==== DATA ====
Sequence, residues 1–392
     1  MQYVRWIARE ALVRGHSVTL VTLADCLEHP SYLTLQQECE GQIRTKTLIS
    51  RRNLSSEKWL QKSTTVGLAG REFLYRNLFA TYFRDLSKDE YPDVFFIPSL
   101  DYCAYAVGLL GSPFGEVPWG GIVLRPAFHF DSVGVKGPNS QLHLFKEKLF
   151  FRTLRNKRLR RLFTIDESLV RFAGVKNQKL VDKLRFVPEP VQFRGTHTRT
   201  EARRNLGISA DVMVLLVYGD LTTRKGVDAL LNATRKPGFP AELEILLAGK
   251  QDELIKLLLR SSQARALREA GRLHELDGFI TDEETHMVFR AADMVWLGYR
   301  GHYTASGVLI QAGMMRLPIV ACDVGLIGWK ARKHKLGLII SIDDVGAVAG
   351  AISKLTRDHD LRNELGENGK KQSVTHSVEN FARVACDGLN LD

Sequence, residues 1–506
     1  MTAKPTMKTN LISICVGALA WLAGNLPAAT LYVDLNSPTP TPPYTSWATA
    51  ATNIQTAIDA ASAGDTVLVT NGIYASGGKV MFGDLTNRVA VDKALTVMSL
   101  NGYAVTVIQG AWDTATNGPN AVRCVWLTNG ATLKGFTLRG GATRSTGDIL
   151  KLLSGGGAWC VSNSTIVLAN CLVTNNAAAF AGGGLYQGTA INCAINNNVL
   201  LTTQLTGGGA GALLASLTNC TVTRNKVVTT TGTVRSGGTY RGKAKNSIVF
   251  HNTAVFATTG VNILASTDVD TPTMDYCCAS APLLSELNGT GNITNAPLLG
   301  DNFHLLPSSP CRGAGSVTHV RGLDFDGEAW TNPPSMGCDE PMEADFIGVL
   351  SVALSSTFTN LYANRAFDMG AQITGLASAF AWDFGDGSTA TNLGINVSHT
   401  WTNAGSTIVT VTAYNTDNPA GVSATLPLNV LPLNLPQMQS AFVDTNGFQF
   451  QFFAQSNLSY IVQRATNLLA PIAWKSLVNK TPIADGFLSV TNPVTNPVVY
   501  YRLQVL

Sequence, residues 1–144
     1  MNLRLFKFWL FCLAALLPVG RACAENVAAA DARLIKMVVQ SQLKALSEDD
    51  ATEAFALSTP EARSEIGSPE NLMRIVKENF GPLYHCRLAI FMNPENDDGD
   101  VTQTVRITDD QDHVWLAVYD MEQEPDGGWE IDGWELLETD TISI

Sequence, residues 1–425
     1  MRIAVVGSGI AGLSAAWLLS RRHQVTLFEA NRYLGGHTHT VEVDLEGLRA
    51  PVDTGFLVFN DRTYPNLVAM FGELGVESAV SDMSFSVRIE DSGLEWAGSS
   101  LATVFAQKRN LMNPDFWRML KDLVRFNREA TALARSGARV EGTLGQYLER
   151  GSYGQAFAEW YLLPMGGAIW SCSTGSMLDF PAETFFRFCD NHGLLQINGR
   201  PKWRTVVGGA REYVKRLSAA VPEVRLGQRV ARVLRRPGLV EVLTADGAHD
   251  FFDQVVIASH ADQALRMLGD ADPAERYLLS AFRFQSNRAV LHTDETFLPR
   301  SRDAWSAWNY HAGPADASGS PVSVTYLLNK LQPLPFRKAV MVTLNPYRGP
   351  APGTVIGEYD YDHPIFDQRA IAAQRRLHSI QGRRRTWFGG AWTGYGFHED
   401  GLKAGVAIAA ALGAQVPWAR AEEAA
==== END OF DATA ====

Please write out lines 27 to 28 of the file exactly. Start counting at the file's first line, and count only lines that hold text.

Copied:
     1  MRIAVVGSGI AGLSAAWLLS RRHQVTLFEA NRYLGGHTHT VEVDLEGLRA
    51  PVDTGFLVFN DRTYPNLVAM FGELGVESAV SDMSFSVRIE DSGLEWAGSS